MILWAUKEE (AP)—Mets manager Willie Randolph gave Prince Fielder candy as a kid. But it was Fielder’s sweet swing that sank New York on Friday night.
“I remember when he was a little baby and now he’s coming back to haunt me,” Randolph said. “I was always nice to him, you know. I gave him candy.”
Fielder hit a two-run homer off left-handed reliever Darren Oliver to cap a six-run fifth inning when the Brewers scored all their runs with two outs.
Fielder, now 5-for-9 with two homers when teams bring in a lefty to face him, credited his father, former home run champ Cecil Fielder, with preparing him.
“All through high school and minor leagues, my dad always told me that lefties were going to be the guys that would come in and try to get me out,” Fielder said. “I just really try to focus and go right back up the middle.”
Lima (0-2) came in with a 10-0 record and 1.92 ERA in 14 appearances against Milwaukee, and the Mets’ starter was cruising into the fifth, allowing just two hits and one run.
Lima then fell behind Jenkins 3-0. He hit the next pitch foul, then smacked a sharp double that rolled to the center-field wall, clearing the bases and giving the Brewers a 4-3 lead.
“We really needed a big hit from one of our veteran players and he got it for us,” Brewers manager Ned Yost said.
Randolph then went to Oliver, and Fielder hit the first pitch for an opposite-field home run to give Milwaukee a 7-3 lead.
“I got the lead. I didn’t hold it,” Lima said. “It’s not the guys’ fault, it’s my fault. It’s all my fault.”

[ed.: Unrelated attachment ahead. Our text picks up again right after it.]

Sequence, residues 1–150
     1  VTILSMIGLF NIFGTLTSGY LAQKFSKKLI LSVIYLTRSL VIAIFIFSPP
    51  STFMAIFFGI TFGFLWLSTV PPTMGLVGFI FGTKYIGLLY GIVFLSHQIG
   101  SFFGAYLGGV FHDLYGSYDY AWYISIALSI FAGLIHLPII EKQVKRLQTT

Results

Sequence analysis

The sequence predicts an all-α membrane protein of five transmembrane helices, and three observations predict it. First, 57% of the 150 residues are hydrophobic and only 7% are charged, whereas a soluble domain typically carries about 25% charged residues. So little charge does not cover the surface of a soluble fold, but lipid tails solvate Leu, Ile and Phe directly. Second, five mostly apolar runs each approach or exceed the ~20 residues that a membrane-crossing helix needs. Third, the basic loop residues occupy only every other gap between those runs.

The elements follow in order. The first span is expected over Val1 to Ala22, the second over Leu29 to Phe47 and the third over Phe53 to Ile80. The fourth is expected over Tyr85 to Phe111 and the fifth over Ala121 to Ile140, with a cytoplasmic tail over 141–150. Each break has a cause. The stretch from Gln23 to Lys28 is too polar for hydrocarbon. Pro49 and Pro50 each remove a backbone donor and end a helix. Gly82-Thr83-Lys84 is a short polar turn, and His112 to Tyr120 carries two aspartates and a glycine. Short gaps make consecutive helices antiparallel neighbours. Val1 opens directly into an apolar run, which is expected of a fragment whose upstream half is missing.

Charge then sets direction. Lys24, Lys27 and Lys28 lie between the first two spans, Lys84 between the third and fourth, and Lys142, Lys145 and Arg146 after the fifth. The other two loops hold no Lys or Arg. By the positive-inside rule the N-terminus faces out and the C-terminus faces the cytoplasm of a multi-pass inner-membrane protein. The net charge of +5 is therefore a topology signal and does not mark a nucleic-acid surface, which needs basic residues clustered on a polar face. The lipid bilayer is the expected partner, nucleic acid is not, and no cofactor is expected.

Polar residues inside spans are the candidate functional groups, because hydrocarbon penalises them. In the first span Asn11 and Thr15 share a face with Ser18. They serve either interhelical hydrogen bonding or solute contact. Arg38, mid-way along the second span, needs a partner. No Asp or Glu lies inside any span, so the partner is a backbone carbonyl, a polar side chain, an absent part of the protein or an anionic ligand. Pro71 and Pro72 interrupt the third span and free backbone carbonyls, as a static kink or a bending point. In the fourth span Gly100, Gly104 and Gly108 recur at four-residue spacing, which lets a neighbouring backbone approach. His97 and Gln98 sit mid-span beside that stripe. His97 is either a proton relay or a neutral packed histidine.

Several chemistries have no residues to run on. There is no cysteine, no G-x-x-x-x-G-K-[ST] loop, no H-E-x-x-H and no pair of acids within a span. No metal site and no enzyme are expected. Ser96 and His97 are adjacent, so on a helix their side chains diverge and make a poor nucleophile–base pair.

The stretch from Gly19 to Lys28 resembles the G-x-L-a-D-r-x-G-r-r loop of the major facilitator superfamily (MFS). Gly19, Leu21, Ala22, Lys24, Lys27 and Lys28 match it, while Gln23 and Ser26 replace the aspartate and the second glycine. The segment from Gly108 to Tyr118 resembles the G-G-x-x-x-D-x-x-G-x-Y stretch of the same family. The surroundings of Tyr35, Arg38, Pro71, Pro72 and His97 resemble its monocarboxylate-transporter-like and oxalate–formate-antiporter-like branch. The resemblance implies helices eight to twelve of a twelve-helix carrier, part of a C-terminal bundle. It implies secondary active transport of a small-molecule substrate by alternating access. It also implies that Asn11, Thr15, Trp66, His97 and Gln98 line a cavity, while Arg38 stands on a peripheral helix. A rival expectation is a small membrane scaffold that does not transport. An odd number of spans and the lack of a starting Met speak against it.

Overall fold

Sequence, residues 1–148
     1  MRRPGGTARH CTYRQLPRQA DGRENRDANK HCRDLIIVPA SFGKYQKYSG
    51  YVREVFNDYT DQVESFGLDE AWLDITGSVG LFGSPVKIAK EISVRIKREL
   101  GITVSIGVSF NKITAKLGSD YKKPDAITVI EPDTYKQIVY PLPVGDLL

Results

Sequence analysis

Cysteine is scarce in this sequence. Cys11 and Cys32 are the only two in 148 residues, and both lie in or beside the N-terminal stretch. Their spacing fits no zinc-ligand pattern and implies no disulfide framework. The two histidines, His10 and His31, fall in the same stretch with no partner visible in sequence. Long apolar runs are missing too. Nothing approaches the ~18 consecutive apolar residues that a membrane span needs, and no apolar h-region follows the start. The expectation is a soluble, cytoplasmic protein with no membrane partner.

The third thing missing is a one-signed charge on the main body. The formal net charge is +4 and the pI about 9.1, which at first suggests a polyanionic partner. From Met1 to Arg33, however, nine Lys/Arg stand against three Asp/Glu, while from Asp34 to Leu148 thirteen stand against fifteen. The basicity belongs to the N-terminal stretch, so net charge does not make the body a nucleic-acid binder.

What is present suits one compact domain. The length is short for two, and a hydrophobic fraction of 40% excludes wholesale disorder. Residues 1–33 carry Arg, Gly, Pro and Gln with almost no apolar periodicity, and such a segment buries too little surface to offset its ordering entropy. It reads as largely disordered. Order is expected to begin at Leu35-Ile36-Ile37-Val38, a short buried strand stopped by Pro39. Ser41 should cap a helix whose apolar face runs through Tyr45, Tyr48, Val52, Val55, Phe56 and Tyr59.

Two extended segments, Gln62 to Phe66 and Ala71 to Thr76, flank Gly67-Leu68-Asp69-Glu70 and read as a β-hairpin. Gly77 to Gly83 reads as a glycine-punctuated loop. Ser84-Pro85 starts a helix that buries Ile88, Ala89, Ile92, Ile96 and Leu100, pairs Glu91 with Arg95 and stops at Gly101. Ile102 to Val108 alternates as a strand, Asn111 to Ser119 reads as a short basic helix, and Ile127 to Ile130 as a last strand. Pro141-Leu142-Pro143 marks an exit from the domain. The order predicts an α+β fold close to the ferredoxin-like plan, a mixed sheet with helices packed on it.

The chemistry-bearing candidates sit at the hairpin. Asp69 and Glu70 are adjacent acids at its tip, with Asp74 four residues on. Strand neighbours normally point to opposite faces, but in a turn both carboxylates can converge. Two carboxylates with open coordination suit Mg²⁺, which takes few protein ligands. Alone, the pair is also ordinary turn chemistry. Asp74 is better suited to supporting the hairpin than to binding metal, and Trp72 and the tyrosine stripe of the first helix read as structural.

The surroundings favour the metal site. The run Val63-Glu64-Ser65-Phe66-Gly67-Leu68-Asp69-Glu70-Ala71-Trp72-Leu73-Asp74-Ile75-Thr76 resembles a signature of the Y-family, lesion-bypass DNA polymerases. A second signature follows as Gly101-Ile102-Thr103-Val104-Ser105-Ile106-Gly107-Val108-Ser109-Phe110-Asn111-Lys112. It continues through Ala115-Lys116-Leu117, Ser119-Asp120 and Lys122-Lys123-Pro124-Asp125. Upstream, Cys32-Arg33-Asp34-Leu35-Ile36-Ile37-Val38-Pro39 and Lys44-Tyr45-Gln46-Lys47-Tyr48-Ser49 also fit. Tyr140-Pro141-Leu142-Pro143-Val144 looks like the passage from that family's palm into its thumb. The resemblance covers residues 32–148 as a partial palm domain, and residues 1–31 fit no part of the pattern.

Fielder had already shown his prodigious power the previous inning, snapping an 0-for-13 skid. He fouled off three of Lima’s pitches before hitting one so hard that Mets right fielder Endy Chavez just turned and watched it go.
“You can’t try to do that,” Fielder said. “I just try to make solid contact and let the ball do whatever it wants.”
The drive was estimated at 475 feet, the second-longest since Miller Park opened in 2001, and it cut New York’s lead to 3-1.
“All of a sudden, we score one run on Prince’s homer and come back the next inning and put a bunch on the board,” Yost said. “You just make your own luck every day.”
Meanwhile, there was little in-between for Brewers starter Dave Bush (3-4), who either couldn’t find the plate or fired 86 mph fastballs down the middle in the process of giving up four runs and seven hits in six innings.
“I really think the key to the ballgame was Dave Bush grinding it out tonight,” Yost said. “He wasn’t exceptionally sharp, but he did a great job of grinding through it and keeping us in the ballgame.”
Bush allowed the first runner to reach in five of his six innings, and three came around to score. But the Mets squandered their best chance to open a sizable advantage after loading the bases with none out in the third.
“That’s really a big part in the game,” Randolph said. “We had a guy who was kind of struggling on the ropes. That’s what I think more about than anything else.”
Russell Branyan hit a home run in Miller Park estimated at 480 feet in 2004. … Lima’s ERA against the Brewers is now 2.37. … The Mets will purchase Jeremi Gonzalez’s Triple-A contract before his first scheduled start on Saturday. The Mets optioned reliever Heath Bell to Triple-A Norfolk after the game to make room for Gonzalez. … Yost said that new starting pitcher Ben Hendrickson’s velocity is good, but his poor command has caused problems. “He’s not getting ahead in the count,” Yost said. “That’s a recipe for disaster.” Hendrickson replaced Tomo Ohka (rotator cuff) in the rotation last week. … Delgado’s 382nd home run tied him for 51st place on the career list with Jim Rice and Frank Howard. Larry Walker is next with 383.